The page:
... (All the following quotes are yours.) "Everyday, we must get back to point zero, to the root, to Nirvana, to the origin, call it whatever you want. It is of primary importance in Buddhist practice to have no goal. [...] Awakening is the original state of all things. [...] This is why it is said: awake with the ten thousand beings."
"Everything in the universe has a goal. [...] The universal vital impulse compels us to have a goal, otherwise, we're just vegetables. [...] When we no longer have any goal in life, life ends. [...] So, what is mushotoku in daily life? Sensei used to say: we must not hide our tails. We must not hide our karmas. Which means: we must not hide our motivation. [...] As for mushotoku in zazen itself, we must realize that, contrary to everything else in the universe, zazen is not expanding, since it turns its light inwards. It is a black hole, in a way."
Then, how can we have no goal in daily life, not only in zazen? How can I get to point zero, to the root, to Nirvana, whatever I do, whatever life I live?
"The essence of Zen teaching through action is expressed by the word mushutoku. If you realize mushutoku, you have satori, you are a Buddha, you are free, you are right, you are natural, you are non-dualistic".
Behavior outside of zazen puzzles me, for instance, when you talk about the actions that can define an authentic Master. "The most important criterion to evaluate a Master is: who was his Master, for how long and how frequently did he follow him, who gave him the shiho, and last, does he practice with as much strength as his disciples? If he stays in his room and only has meetings with his disciples, he's a bad Master. There were great Masters who enjoyed making love, drinking alcohol or eating meat. This is secondary, if they are stronger than their passions. [...] If the Master sucks, even if he perfectly follows the precepts and if he is totally conform with puritanism [...] he still sucks."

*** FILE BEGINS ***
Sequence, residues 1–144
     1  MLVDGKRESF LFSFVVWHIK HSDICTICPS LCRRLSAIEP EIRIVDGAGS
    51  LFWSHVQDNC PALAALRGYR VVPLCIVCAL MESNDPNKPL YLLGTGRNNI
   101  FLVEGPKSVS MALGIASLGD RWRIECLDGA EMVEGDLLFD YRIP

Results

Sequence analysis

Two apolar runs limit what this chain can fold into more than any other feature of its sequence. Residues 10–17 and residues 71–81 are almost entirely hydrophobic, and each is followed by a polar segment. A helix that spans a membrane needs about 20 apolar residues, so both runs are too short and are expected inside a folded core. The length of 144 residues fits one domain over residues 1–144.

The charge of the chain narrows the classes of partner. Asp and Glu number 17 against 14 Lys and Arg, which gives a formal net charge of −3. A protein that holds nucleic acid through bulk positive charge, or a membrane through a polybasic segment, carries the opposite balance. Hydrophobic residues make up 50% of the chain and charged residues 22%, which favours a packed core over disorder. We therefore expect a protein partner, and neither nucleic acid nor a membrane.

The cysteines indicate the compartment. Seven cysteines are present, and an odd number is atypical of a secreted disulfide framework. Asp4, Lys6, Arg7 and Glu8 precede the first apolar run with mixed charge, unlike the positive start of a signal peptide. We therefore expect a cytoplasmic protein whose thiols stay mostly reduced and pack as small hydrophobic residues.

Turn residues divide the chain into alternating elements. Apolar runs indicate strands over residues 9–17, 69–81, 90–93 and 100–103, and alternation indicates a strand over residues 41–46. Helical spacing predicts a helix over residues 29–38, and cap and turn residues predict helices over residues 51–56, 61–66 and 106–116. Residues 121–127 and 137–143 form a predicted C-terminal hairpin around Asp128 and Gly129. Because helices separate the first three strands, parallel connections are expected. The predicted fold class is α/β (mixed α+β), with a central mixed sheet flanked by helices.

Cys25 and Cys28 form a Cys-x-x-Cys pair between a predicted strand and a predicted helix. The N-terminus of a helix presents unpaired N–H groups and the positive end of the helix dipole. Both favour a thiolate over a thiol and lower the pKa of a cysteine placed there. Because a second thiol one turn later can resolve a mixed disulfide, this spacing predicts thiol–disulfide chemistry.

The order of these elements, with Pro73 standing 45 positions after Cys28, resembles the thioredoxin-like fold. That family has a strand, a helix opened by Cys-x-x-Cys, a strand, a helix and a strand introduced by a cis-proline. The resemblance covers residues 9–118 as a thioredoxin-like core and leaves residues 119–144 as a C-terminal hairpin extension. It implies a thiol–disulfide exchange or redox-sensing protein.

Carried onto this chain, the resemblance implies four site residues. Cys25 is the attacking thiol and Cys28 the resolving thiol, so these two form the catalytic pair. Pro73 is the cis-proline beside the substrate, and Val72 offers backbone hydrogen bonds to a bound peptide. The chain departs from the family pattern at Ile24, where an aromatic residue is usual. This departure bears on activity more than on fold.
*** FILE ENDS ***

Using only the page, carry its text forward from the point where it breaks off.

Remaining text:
Thus, Master Kosen, how can we realize mushutoku in daily life?
To the question "how do we choose a Master?", you answer is "everyone has to become his own Master."
Thus, Master Kosen how can we, in daily life, and not only during zazen, come back to the root, realize mushutoku, become one's own Master?
Answer from Master Kosen
Let's keep things simple and not mix everything. Zen is first of all an experience, and its true essence can not be grasped through words. Even if words are sometimes useful to a certain way of communicating and if they can generate in our brain images that seemingly quench our curiosity and quiet doubts that lead to anxiety. To sum up your question: "Thus, Master Kosen, how can we realize mushutoku in daily life?" The specificity of zazen is to stop and to cut, from daily life. To enter mushotoku's silence and stillness. This is why it is so beneficial: it balances the tendency of unilateral expansion which is the characteristics of daily life's universe. To be able to go back and to get to point zero is very beneficial, but it has nothing to do with sitting all day long with our legs in a pretzel posture saying there is no goal to attain. "My answer is then: how to realize mushutoku in daily life?" By understanding we are not mushutoku.
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